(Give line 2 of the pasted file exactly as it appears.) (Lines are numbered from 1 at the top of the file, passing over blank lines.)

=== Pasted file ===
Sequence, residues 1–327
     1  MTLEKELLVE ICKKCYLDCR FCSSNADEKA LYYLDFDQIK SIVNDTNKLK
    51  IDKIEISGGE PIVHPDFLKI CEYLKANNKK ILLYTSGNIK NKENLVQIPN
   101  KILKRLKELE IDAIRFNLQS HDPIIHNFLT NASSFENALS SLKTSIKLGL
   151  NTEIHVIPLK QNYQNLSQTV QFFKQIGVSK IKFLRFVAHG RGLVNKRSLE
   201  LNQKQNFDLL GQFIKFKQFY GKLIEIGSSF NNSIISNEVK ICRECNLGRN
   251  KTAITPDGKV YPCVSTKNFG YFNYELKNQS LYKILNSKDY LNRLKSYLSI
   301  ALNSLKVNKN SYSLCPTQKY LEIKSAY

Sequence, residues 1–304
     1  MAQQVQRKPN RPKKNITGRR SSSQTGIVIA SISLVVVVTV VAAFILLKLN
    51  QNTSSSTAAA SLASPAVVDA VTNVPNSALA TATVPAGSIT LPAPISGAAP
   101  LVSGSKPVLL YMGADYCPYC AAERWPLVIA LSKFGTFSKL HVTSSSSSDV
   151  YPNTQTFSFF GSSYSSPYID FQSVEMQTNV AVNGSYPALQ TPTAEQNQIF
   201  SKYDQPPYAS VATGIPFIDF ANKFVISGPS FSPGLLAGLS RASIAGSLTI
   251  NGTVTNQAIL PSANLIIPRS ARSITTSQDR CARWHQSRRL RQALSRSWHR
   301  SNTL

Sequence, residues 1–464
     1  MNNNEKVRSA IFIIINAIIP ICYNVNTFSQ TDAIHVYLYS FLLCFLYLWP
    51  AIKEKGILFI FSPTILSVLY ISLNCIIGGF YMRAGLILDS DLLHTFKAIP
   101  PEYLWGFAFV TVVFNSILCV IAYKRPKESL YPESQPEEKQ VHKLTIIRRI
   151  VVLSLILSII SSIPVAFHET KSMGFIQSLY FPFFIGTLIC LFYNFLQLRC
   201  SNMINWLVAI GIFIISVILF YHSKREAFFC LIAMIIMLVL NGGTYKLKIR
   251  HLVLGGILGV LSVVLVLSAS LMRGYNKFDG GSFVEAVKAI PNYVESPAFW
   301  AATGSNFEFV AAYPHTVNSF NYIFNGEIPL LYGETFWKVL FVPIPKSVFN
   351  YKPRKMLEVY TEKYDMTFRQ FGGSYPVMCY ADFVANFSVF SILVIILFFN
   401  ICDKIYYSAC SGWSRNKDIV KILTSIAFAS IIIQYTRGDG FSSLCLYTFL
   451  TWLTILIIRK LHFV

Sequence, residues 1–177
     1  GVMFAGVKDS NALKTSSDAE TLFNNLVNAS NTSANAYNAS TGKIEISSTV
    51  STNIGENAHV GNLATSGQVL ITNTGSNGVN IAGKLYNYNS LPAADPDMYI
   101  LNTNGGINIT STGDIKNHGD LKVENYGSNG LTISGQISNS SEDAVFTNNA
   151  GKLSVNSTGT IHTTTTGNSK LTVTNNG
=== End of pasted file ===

     1  MTLEKELLVE ICKKCYLDCR FCSSNADEKA LYYLDFDQIK SIVNDTNKLK